Shelley Story’s article posted in March warns against conference or professional development inspiration fading as you return to your everyday work plus an overflowing inbox for being out of the office. Having just come off attending two difference conferences – one for accreditation and one for assessment – I know it’s important for me and my institution not to let that happen.
First of all, it’s important to me to follow up on ideas, interests, resources, and new connections gained from the conference experience. While I prepare to bring a lot to a conference (resources, perspective, knowledge, willingness to engage and be an active participant), I want to be sure to take something away. I want to capitalize on ideas and interests, leveraging new resources to learn about, assist with, or brainstorm projects. I also want to be sure to capitalize on any connections I’ve made – either to obtain aforementioned resources or to have someone to add to my network of colleagues and peers with like interests or work experience.
Secondly, I owe it to my university to act upon return to campus. There was a resource commitment (time and money) for me to attend, so I need to provide a return on that investment. Additionally, just as I represented the university to the conference, I need to represent and bring back conference content to my university. To me, it’s a fair and manageable expectation given the investment made in me and the investment I am making in myself through such professional development opportunities.
It’s also important to ride the energy from those events. I can use it to stay motivated with a full plate, busy calendar, and unanticipated stressors or barriers to close out the academic year. I can take the extra pep in my step to go beyond my usual routine or work environment to engage with others – working to build relationships, reinforce connections, or learn something new about another area. I can also capitalize on the current boost of confidence and spirit to go after a goal or effort I might otherwise think is just out of reach.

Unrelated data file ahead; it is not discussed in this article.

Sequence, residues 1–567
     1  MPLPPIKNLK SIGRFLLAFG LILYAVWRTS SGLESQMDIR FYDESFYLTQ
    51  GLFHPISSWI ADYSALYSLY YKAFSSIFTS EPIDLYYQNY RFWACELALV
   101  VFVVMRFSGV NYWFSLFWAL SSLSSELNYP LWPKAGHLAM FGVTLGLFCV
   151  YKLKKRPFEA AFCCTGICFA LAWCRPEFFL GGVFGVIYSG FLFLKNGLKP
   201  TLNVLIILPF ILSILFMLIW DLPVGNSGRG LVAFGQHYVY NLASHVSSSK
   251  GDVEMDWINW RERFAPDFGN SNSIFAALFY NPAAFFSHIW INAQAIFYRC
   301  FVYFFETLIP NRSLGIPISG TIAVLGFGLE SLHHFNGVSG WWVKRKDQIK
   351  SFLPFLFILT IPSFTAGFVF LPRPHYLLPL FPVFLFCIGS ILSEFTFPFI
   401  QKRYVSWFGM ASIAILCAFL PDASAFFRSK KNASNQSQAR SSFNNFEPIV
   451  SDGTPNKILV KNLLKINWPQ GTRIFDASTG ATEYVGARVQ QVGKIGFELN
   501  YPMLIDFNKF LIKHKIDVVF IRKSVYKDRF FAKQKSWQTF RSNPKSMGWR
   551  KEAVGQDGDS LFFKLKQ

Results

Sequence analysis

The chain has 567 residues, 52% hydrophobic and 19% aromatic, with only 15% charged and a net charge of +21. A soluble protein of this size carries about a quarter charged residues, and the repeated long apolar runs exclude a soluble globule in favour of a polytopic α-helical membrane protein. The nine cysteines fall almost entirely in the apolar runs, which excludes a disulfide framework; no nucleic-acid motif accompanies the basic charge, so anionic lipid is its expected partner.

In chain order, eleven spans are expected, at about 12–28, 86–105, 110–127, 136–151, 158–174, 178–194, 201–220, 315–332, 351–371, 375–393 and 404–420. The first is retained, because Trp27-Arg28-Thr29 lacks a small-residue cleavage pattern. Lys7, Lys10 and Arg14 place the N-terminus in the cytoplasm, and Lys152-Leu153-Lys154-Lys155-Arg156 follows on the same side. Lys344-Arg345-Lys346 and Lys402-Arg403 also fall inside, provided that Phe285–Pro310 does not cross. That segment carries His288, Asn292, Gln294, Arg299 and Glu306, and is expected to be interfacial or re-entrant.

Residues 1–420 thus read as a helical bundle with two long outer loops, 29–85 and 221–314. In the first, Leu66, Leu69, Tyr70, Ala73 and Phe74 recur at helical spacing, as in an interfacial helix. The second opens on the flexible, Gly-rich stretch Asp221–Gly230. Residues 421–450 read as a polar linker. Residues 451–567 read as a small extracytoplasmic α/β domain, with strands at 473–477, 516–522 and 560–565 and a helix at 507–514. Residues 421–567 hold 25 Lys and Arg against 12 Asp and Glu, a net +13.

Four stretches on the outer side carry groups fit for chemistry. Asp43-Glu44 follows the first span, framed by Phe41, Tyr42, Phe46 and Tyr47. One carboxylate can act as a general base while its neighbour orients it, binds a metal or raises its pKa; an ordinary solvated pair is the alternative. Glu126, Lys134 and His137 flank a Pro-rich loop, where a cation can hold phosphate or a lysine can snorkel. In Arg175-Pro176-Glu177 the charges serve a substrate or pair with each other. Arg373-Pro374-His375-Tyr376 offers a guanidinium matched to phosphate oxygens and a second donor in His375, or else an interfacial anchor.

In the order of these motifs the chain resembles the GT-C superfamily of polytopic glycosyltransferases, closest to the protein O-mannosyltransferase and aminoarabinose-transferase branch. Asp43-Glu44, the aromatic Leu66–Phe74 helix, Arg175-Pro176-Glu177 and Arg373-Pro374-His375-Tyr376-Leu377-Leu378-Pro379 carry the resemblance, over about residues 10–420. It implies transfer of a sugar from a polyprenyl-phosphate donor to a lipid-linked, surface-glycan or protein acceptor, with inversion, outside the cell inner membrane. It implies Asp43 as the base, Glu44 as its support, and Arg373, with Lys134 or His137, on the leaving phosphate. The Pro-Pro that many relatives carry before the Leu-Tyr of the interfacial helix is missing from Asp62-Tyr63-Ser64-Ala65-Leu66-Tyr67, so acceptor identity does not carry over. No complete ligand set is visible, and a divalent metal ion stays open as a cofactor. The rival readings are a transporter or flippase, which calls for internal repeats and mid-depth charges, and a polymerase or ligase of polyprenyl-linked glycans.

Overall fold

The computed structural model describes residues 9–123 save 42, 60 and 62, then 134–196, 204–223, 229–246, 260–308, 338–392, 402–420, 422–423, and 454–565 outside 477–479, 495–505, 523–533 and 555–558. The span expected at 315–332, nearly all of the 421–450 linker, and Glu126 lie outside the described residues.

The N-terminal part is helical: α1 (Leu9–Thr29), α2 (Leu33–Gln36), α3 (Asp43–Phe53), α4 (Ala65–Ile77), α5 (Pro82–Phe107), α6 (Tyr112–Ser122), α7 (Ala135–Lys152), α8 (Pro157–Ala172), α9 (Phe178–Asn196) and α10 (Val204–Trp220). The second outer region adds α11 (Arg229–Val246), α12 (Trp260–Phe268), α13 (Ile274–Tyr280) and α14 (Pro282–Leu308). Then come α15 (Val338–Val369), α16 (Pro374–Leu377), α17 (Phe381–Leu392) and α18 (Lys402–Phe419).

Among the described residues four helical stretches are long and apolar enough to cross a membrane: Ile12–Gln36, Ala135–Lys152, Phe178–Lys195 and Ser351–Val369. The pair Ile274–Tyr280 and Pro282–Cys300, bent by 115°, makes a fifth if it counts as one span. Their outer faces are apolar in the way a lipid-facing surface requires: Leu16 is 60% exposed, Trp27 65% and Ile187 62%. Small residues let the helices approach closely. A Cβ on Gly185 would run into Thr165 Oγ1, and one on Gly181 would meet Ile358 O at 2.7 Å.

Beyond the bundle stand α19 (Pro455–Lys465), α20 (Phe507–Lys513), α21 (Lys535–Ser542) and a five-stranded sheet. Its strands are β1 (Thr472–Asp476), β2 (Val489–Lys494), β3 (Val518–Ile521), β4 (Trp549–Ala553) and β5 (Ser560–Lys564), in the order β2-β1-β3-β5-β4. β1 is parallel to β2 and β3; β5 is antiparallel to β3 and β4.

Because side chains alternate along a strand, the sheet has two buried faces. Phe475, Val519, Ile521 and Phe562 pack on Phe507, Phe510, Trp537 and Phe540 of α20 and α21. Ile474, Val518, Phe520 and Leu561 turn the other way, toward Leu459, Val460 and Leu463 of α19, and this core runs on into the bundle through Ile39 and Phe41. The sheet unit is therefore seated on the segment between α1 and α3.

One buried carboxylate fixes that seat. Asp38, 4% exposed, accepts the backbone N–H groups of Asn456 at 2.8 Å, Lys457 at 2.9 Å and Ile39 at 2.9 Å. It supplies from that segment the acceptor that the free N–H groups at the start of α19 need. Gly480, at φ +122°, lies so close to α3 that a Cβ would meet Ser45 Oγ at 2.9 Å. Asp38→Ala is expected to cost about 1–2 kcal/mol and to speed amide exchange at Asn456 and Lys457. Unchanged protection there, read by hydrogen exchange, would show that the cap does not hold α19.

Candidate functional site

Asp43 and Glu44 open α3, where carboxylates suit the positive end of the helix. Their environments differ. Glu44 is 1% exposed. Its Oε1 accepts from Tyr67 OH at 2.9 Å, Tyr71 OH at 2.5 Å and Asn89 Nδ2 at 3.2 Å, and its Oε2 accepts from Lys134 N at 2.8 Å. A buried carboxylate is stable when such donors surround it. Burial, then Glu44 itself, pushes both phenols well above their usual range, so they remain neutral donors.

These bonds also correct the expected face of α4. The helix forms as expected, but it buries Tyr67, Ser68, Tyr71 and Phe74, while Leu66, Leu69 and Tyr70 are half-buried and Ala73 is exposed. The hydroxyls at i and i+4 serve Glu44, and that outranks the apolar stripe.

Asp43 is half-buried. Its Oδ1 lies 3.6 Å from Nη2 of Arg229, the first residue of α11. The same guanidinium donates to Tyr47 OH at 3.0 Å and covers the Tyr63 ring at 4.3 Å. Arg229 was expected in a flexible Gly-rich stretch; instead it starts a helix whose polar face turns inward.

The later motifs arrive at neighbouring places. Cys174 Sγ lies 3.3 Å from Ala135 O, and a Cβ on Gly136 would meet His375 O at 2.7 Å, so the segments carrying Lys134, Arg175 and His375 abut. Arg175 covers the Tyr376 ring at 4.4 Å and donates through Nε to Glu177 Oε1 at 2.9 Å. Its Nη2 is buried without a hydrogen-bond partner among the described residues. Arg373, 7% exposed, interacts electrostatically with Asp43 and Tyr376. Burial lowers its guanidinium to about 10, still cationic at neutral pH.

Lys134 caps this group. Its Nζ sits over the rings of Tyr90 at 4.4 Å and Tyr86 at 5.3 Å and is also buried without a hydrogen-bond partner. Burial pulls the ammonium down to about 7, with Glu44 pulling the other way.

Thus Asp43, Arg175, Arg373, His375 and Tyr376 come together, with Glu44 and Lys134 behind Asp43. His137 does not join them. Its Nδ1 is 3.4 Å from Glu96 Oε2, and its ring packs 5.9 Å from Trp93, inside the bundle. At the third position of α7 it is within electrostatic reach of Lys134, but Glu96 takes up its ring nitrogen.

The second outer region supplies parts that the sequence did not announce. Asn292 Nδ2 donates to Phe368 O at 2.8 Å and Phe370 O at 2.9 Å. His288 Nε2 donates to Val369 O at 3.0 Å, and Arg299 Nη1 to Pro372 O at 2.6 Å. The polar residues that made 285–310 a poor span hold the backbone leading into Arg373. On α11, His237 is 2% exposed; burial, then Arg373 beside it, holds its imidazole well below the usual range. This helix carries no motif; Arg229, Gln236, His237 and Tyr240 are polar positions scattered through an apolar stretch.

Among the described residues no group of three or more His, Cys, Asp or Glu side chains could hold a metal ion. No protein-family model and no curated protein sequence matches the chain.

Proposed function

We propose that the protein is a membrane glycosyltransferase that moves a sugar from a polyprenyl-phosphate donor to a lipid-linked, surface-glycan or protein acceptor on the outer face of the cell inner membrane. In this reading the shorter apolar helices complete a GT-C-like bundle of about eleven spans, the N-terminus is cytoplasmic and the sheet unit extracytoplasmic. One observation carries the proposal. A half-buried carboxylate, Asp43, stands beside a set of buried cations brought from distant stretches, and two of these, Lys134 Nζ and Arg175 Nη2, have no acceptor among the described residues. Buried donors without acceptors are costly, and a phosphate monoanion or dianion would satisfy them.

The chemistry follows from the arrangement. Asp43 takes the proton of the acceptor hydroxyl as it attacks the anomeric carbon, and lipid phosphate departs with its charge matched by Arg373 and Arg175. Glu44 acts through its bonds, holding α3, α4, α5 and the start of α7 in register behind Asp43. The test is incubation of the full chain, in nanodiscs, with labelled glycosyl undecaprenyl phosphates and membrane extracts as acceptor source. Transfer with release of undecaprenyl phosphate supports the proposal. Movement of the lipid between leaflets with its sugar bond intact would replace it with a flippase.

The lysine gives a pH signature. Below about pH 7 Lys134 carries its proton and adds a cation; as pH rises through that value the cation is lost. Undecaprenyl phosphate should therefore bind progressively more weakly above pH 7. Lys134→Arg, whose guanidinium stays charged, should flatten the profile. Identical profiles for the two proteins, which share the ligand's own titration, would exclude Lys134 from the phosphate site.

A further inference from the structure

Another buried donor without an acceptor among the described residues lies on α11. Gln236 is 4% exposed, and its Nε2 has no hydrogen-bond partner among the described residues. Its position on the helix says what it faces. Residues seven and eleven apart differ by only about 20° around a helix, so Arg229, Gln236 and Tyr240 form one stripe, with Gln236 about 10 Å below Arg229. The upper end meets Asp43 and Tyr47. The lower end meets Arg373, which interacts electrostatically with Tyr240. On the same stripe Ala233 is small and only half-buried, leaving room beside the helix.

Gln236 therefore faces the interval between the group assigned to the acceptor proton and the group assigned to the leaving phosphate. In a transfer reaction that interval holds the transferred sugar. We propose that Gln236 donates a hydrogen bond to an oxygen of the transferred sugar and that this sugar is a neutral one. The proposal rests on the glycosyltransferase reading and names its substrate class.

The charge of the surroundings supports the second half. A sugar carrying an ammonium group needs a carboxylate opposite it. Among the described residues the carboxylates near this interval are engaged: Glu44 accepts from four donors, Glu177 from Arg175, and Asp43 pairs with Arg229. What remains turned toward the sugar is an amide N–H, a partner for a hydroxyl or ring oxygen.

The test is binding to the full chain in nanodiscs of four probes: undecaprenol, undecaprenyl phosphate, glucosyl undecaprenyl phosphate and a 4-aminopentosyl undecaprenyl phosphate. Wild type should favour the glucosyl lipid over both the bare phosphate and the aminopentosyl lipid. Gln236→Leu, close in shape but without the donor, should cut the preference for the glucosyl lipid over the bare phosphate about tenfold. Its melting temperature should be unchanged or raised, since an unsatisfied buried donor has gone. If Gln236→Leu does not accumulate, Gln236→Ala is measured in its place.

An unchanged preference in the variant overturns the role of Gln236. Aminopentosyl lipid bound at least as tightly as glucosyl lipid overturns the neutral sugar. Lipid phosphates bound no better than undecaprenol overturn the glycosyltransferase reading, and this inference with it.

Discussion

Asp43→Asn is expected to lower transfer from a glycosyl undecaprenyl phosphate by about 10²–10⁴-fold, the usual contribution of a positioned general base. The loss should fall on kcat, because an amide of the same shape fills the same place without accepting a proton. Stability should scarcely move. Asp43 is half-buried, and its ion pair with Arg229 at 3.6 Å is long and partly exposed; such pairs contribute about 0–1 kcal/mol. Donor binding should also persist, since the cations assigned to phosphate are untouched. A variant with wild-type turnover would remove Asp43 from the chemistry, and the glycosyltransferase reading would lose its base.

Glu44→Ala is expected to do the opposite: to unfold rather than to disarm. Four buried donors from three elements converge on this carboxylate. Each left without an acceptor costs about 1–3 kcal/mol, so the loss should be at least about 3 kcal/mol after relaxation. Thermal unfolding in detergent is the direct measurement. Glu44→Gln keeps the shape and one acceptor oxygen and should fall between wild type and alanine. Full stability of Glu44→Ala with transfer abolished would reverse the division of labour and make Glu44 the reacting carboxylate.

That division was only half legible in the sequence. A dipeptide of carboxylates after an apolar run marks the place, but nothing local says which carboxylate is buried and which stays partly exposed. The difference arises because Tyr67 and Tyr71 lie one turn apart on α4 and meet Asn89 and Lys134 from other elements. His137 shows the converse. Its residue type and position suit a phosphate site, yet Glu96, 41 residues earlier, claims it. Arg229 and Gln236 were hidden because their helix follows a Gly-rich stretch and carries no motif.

Finally, I want to make use of reflection and realizations. To connect and learn, reflection was necessary on where my institution is with respect to various efforts, as well as work and accomplishments I’ve had to this point. Far too often, we are too caught up in moving from one project to the next that we don’t take a step back to recognize the growth, achievements, or even bigger picture to the process we’re engaged in. Conferences afford great opportunities to pause, reflect, and make sure the direction we’re heading is still right, true, and best for our purposes.
All of that said, here are the steps I’m following to best capitalize on my recent conference experiences:
- Compile my notes. Organizing my session notes of things I learned, questions to answer, and ideas to follow up on.
- Engage with contacts. If I have a business card or name written down from a session, I should contact for the appropriate reason – thanking them for a great session, providing a promised resource, exploring a conversation for which we didn’t have time while at the conference.
- Share with my institution. Given my notes and resources obtained from the conference, I owe it to various entities within my institution to share information and extend the audience for a given topic or effort.
- Identify at least two items to execute. From my compiled notes and ideas, I like to challenge myself to do at least two things – contact a new office, engage in a difficult conversation, move forward an existing initiative, or start a new project.
Every day, I will open my compiled list of information and notes and look to work through it until I have executed in those four areas. That’s my commitment, for me and the benefit of my university. I hope this reflection and list is helpful for others. If nothing else, it’s helping me accomplish some of my own tasks.